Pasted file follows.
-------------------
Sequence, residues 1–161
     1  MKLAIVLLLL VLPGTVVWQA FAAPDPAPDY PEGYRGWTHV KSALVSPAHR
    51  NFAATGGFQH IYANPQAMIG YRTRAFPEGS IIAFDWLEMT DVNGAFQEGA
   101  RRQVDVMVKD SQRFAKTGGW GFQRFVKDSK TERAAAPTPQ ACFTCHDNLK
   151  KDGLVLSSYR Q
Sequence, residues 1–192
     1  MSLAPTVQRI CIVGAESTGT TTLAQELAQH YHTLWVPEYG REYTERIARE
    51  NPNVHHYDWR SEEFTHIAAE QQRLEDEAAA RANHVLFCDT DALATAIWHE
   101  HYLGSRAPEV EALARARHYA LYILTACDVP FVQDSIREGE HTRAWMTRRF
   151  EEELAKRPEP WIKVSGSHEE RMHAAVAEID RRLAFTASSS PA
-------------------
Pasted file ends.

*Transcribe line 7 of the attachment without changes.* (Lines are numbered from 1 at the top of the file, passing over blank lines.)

     1  MSLAPTVQRI CIVGAESTGT TTLAQELAQH YHTLWVPEYG REYTERIARE